One of Dr. Ålund’s undergraduate mentee’s wrote: “She goes above and beyond to provide resources that she thinks will be beneficial to the research project you are working on, as well as for what you have planned for the next steps in your career”. Another stated: “[S]he has consistently demonstrated her skill, commitment, and passion for mentoring and teaching. It has been an honor to work with her, and it is no exaggeration to say that she has played an integral role in shaping the scientist that I have grown to become. She is an exemplary role model, both to undergraduate researchers and to other mentors, and is highly deserving of this award”.

Dr. Ålund believes that effective mentoring is beneficial at all stages in one’s career. In collaboration with other postdocs in her department, Dr. Ålund recently co-authored a perspective on how to better support the postdoctoral workforce (Ålund, Emery, et al. 2020. Nat Ecol Evol 4, 777–781). This perspective highlighted that an important aspect of supporting the postdoctoral workforce is to enhance the mentoring that postdocs receive during their postdocs positions, as well as provide opportunities for postdocs to serve as mentor for others.

In the words of her supervisor, Dr. Boughman: “[Dr. Ålund] is a mover and shaker. [. . .] Her excellence in mentoring arises from her exceptional commitment to team science, and she places very high value on making sure that scientific team members are engaged, challenged, well trained, and fully recognized for their contributions and achievements”.

Dr. Joseph Hill received his PhD from Penn State in 2016, and joined MSU’s Department of Horticulture in 2017 as a USDA FIGA EWD Postdoctoral Fellow in the lab of Dr. Courtney Hollender. Dr. Hill’s goal as a mentor is to share tools and experience, and he seeks out opportunities to expand his skills and perspective by attending workshops and courses on mentoring and STEM teaching. At MSU, Dr. Hill has intensively mentor 3 undergraduate students (2 of which are about to begin graduate school) and 4 graduate students, and provided more limited guidance to several others. When training students in new techniques, Dr. Hill provides students with background and context, and several options with pros and cons for each, in order to develop the level of understanding that will be needed to troubleshoot inevitable problems.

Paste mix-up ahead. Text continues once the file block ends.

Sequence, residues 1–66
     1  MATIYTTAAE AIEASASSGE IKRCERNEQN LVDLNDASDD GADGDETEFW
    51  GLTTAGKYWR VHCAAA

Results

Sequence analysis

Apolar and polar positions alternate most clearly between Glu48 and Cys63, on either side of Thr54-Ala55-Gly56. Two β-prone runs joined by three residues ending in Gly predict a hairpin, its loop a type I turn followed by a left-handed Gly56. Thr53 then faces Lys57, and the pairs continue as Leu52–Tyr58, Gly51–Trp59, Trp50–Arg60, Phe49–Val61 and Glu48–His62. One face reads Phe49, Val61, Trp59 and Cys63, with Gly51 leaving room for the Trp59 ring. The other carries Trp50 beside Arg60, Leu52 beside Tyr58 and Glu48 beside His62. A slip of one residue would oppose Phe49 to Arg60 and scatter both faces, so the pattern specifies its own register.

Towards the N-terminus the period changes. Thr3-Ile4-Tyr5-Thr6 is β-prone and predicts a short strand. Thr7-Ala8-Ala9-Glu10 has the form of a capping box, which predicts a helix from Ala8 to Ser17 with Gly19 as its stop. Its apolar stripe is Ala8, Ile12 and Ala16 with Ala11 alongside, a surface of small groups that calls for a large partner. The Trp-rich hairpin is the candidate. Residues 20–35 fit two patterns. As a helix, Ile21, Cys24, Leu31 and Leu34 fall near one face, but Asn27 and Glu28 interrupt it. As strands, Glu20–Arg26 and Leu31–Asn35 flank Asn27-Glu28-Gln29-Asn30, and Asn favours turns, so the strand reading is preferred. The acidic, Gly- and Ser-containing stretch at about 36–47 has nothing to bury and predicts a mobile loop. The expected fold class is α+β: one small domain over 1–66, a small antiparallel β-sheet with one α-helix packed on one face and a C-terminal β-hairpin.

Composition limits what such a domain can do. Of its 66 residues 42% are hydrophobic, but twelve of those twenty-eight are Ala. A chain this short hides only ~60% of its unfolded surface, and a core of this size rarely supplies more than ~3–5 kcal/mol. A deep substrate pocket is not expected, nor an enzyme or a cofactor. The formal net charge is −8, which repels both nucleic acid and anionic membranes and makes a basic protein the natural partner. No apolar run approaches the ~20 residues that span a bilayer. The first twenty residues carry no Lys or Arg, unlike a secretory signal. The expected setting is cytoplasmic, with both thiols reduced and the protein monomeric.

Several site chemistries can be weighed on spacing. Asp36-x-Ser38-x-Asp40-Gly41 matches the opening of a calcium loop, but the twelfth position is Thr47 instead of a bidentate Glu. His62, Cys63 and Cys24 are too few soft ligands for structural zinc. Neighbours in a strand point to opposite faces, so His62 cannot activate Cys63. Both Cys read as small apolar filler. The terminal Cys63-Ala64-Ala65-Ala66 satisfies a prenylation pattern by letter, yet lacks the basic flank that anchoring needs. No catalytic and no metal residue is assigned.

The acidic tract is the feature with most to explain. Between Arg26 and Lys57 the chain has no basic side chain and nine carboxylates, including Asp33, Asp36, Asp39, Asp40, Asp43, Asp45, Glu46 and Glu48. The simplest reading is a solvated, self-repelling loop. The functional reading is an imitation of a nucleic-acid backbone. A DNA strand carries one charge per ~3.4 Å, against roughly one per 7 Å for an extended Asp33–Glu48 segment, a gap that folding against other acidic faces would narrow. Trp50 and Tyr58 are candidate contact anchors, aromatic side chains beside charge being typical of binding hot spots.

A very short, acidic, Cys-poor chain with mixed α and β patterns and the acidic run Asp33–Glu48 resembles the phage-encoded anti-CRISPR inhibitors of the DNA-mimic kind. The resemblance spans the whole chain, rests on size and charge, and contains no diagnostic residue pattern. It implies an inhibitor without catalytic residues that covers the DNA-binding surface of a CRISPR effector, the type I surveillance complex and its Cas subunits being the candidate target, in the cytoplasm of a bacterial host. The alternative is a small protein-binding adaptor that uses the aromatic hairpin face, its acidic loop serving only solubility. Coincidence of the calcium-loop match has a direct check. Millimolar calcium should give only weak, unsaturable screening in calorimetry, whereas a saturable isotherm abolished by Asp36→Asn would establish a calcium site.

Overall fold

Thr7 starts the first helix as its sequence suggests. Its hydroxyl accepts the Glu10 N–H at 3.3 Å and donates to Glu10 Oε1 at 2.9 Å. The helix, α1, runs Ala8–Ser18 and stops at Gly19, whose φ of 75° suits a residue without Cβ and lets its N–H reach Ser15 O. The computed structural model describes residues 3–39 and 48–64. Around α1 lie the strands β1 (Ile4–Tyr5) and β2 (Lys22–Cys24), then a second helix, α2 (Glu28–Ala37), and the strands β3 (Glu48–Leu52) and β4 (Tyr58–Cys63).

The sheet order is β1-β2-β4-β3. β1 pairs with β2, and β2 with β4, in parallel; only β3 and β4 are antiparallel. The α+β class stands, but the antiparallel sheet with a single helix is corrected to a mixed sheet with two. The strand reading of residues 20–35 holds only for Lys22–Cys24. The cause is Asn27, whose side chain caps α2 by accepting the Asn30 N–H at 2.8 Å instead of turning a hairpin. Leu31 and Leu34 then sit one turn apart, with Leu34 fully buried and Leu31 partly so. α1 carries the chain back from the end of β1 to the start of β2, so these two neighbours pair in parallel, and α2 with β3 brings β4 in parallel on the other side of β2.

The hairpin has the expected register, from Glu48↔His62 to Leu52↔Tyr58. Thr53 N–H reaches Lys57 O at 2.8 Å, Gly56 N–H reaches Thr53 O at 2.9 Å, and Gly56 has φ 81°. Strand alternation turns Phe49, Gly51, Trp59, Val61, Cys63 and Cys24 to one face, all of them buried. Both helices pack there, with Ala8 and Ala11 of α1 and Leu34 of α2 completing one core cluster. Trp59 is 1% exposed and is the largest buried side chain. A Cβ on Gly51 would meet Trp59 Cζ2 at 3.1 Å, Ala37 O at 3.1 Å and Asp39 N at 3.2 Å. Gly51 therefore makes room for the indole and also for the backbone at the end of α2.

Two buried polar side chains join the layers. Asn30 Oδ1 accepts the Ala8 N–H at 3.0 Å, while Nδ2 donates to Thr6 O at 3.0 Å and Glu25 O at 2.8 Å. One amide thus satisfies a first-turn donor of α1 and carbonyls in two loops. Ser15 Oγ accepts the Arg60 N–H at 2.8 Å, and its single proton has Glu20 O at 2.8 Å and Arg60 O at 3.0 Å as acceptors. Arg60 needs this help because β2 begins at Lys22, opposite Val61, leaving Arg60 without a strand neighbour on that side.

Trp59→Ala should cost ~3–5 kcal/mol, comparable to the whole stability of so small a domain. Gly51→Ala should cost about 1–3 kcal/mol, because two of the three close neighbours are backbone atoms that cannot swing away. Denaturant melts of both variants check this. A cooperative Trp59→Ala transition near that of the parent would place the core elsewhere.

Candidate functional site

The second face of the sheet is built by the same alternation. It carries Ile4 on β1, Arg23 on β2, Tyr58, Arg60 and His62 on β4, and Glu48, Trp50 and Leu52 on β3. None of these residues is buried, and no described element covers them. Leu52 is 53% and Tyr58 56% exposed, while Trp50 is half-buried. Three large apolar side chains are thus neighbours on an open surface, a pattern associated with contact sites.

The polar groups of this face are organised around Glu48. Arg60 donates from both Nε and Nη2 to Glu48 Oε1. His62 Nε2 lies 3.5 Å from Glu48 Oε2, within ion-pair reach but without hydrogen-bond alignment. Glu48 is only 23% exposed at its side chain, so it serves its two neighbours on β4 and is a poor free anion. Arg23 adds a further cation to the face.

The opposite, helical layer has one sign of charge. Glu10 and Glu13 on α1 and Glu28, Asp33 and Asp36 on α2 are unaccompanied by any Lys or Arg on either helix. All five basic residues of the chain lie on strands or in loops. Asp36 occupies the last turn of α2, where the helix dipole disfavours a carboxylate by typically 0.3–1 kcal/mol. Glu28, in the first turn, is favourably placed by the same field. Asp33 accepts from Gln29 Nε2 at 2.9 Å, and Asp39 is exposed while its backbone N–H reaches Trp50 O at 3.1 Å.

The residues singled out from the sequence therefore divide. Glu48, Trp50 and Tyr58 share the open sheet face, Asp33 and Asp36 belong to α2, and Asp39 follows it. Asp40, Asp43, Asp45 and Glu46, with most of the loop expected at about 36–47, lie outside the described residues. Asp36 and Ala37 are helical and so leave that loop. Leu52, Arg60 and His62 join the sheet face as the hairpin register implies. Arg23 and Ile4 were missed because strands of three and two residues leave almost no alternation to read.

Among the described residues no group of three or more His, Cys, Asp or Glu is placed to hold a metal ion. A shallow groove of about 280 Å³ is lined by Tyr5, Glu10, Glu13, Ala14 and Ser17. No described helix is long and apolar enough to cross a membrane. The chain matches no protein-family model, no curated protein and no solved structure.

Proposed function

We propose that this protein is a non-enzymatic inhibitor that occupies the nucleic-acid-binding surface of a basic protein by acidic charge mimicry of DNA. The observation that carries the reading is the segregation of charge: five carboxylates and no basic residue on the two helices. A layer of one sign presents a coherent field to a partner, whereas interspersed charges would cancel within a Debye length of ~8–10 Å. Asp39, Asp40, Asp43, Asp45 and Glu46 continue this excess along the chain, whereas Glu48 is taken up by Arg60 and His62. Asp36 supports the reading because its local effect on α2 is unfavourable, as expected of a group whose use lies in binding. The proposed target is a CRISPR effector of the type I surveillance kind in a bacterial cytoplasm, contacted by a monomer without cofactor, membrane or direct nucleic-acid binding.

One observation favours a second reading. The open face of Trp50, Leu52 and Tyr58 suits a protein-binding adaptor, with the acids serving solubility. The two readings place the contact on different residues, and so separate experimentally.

The graduate students that Dr. Hill mentors wrote: “Joseph has demonstrated a level of professionalism and passion for teaching that outmatches any postdoc we have interacted with at Michigan State University or elsewhere. [. . .] Not just in our lab, but throughout the department, Joseph has a reputation as a go-to resource for help and advice for graduate students”. Dr. Hill has proven to be been a model mentor to the graduate students in his lab. One stated that “[h]e has had a major impact on my graduate career, shaping how I do science, and how I mentor those with whom I work”, while another remarked that “[h]e cultivated the confidence I have today to conduct research independently and his teaching philosophy is central to the one I am currently developing”.

Dr. Hill has also sought out formal teaching opportunities during his postdoc position, serving as a guest lecturer. When COVID-19 forced classes online this spring he quickly adapted his lecture for a virtual classroom. He made several thoughtful and deliberate changes to his normal teaching style to help engage students and improve the online teaching and learning experience. These changes were so well-received that other course instructors came to him for advice on how to implement the same strategies and technologies in their own lectures.

According to his supervisor, Dr. Hollender: “[Dr. Hill] immediately proved to be an exceptionally gifted and dedicated teacher and research mentor for both undergraduate and graduate students. [. . .] I have witnessed it personally, but what is more impressive is that students he has mentored and trained have voluntarily shared that they are grateful to have worked with him, enjoyed the experience, and had a lot of fun in the process”.

2020 marked the first year of the PETMA, and is an opportunity to showcase the significant impact that our postdocs play in the lives of their colleagues, peers and students, not only in the classroom, but in their daily interactions in research, outreach, advising and teaching.